Catty Shack participates in community outreach project

Catty Shack hosts a luncheon for ACCESS House students on Friday, May 9

Pizza and dessert filled the plates of 25 people in the C-Wing conference room on Friday, May 9. The Catty Shack staff, business teacher Dianna Heffernon and guests from the De Soto Adult Cooperative Community Education Service and Support (ACCESS) House sat eating, talking and laughing as students told jokes over their lunch.

As part of a philanthropy project, the Catty Shack volunteered at the ACCESS House-sponsored track and field event on Friday, April 18 at De Soto High School and continued the partnership by inviting six students and four staff members from the ACCESS House back for a luncheon on Friday, May 9.

The ACCESS House offers De Soto School District graduates ages 18 to 21 years old with the opportunity to continue their education and build life skills. The program focuses on community-based instruction for independent living, employability skills, community participation, recreation and leisure, social development and specific skills instruction.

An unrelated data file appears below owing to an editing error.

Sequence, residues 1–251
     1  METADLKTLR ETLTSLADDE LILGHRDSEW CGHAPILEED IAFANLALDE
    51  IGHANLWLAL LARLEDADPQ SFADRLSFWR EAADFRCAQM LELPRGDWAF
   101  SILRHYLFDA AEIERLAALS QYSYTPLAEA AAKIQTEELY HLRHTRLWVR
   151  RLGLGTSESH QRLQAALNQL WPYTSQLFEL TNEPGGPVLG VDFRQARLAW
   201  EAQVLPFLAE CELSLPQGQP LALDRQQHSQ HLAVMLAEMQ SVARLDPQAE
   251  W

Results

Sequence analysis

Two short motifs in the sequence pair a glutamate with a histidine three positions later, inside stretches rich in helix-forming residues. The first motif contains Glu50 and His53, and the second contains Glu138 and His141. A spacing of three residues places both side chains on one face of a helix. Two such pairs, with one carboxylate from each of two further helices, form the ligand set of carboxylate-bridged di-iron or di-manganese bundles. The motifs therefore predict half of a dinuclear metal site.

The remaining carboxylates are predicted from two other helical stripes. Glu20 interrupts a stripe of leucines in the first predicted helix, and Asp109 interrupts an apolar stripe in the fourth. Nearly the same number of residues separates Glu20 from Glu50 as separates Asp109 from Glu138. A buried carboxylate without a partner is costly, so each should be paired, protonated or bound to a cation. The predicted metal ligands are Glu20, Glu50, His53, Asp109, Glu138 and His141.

Catty Shack President Riley Boyle said there were specific reasons behind the decision to form a relationship with the ACCESS House.

“We think corporate outreach is very important,” Boyle said. “It has been one of our main focuses over the past two years and we believe the ACCESS House is doing amazing things.”

In addition to providing lunch, Catty Shack staff presented the ACCESS House with a check for $800 funded entirely by proceeds from this year’s sales.

Boyle said the decision to donate this sum of money was unanimous among the Catty Shack staff.

“At the beginning of the year, we decided that we wanted to do a philanthropy project,” Boyle said. “As the year went on, we realized we were very profitable compared to where we thought we would be. We had funds to take care of this and we thought it would be a perfect way to give back. It’s a worthwhile cause and [the ACCESS House is] going to do wonderful things with the money.”

The Catty Shack aims to continue the relationship formed this year with the ACCESS House and model future partnerships after it. Mill Valley graduate and ACCESS House student Alex Gaulke summarized the relationship.

“I couldn’t think of a better way to spend an afternoon,” Gaulke said.

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